Just about everyday. At the moment for both unix and windows

  56. Camilo Martin

    I download files with wget in Windows regularly, it’s so unintrusive! :D

    Also netcat (Windows version) is fun to use as an IM program too.

  57. delukze

    please teach us how to use it or give us the most important codes…

  58. Geoff Kendall

    I used the command line to get Ubuntu working because I wouldn’t have a functioning netbook if I didn’t. Otherwise, I’d need to see what the benefits of learning to use the command line were before I’d want to bother? Mostly, I just access files and programs etc and then save the results of my work, like most of the PC users in the world, so no need for a command line. One exception is that some Windows settings are only accessible via msconfig, so I have used that to achieve a particular mod on occasion.

    If you were going to let us in on some really useful stuff, I’d def be interested though – and thanks in advance!

  59. asdf-chan

    – settings are only accessible via msconfig –

    Wrong also available over Management/Services/regedit etc

    – I’d need to see what the benefits of learning to use the command line were before I’d want to bother –

    A commandline is usefull when you: have a server because it doesn’t suck up resources that you need else the gui would take, want to configure your system in ways that cant be done by gui, want to search for specific words in a text with cat and grep instead of opening word and look in every document you have

  60. HCamper

    @Et al
    The command line ( can and wiil ) save your Posterior and System.
    Example of command line use: (note you may have different drive letters i.e. C: or D:)
    For Windows 7 go to Start -> Run
    in the prompt box type cmd then press enter key.
    You should now be in command shell and see C:\User\your name>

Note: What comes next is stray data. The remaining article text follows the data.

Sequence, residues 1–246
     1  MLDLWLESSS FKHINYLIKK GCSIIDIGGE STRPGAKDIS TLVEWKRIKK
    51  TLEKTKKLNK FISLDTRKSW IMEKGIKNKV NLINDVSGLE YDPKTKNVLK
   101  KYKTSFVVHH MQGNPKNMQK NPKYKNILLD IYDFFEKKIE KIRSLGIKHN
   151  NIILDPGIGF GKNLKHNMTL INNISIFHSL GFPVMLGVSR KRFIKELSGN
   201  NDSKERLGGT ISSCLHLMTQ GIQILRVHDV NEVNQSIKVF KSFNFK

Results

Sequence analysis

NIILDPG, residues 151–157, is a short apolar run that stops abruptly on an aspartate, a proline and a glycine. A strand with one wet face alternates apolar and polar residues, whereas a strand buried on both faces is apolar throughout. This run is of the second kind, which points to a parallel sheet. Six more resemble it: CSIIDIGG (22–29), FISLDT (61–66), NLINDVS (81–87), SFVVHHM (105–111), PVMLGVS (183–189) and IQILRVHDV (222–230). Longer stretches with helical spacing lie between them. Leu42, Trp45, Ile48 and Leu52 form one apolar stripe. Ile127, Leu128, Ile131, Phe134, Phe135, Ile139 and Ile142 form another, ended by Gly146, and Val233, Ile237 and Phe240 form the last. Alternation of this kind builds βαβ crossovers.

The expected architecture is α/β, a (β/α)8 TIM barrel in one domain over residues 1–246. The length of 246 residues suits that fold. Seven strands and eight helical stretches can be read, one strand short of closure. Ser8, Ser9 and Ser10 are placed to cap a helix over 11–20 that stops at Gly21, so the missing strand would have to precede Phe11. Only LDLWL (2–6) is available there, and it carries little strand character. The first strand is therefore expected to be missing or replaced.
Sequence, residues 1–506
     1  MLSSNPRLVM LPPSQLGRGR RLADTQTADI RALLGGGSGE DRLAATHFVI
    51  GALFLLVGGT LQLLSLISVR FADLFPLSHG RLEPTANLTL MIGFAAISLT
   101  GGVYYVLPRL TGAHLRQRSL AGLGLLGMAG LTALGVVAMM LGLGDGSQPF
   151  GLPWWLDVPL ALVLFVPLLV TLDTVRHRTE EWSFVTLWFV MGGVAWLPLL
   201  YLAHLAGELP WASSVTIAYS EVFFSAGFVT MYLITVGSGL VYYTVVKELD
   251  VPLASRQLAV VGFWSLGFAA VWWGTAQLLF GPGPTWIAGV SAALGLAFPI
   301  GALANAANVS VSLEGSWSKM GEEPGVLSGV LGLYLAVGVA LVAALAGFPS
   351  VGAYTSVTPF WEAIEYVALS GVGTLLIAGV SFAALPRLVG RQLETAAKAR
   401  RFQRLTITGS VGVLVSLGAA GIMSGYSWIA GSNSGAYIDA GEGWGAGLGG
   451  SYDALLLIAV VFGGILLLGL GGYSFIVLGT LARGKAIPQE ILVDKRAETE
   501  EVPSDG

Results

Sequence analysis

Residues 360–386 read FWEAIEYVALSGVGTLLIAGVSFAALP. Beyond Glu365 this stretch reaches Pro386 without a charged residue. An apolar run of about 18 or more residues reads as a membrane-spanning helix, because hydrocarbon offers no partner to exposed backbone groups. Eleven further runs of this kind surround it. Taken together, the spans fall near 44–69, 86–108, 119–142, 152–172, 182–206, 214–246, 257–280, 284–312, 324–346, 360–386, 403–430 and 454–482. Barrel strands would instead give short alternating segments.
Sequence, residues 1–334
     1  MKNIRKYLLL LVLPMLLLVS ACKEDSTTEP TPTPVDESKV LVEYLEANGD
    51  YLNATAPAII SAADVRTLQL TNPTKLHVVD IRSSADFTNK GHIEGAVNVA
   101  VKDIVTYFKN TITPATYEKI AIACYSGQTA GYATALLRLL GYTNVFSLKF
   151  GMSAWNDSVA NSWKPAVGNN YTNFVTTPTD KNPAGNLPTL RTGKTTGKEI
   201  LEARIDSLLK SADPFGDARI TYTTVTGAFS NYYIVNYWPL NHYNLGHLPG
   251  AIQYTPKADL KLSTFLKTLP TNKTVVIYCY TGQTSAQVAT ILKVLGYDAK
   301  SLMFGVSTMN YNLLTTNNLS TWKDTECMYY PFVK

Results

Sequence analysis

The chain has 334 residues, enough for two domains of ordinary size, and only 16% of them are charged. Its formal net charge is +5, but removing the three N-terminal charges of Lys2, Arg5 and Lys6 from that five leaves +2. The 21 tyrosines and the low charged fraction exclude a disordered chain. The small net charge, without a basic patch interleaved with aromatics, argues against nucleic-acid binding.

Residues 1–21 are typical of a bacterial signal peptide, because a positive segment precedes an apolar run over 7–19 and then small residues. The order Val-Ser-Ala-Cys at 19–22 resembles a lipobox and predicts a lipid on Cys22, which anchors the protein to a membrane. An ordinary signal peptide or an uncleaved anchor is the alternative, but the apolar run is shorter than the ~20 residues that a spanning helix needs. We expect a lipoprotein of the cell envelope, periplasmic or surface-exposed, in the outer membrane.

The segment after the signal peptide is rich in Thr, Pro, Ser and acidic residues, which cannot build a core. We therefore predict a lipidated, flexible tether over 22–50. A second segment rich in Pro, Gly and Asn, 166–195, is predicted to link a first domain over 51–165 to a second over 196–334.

at the “>” type echo %PATH% > path-machine.txt
    You just created a working backup of “PATH” settings.
    After finishing remaining steps of example
    a copy of this to some where else.
    This copy of “PATH” will be an life saver when you encounter
    an installer or program which either removes your “PATH” or truncates it to
    almost nothing.
    Af the “>” type echo %PATH%.
    Your should have a listing of “PATH(S)” or places where you have access for runnning programs

    Most important item to see and check is that on left hand side of “PATH”
    starts with “C:\Windows;C:\Windows system32;C:\Windows system32\Wbem” other items can follow
    these settings.
    If the left hand side does not start with, what is show above you have a slow starting
    computer and operations with-in Windows takes much longer.
    If you have installed “Windows Live Essentials” you will see your “PATH” has been modified
    both on Left hand side and Right Hand side for starting in Windows Live Folders before getting
    to windows and system folders.
    With limits of this short example best resolution is go to Start -> Control Panel -> System ->
    Advanced Settings and Enviroment settings and using copy, cut, paste modify “PATH” until
    it starts on Left Side as shown above.
    I hope this helps.
    Martin :-)
    Windows and Linux Can Work Together

  61. Buddy

    What is this GUI thing that people are talking about?

  62. Hayden


    Graphical User Interface.

    It’s windows, buttons, taskbars, anything you see on your computer that’s not a command line.

  63. Bodsda

    I think you missed the joke.

    I love the irony of talking about the command line, and showing a picture from one of the most underused distro’s by command line lovers.

  64. jolclode

    $ sudo please make it work
    $ unmet dependencies | no package geekiness found :)

  65. tw0faz3

    I use it casually…
    prob more often now since I’ve moved from ubuntu to fedora as my preferred distro….

  66. Aqib

    I use it quite occasionally, however I have a lecturer who uses it to do almost everything…. I’ve never seen him even use the file explorer (nautilus), he uses the terminal to go through his file…. lol

  67. Steve

    Using Vista w/SP2

    I’m with Spydeyrch wanting something in the middle. You’ve had a couple recently wiht streams and clip.exe.

    I use the dir command to find files faster than Desktop Search (sometimes), or to do batch renaming of files, stuff like that.

  68. Pat

    I use Command Line frequently for troubleshooting.

  69. bkurtin

    I’m a retired Microsoft support engineer; that says it all.

  70. ahmed

    Yes I love cmd as it make you seems professional

    knowing such command make you a really Geek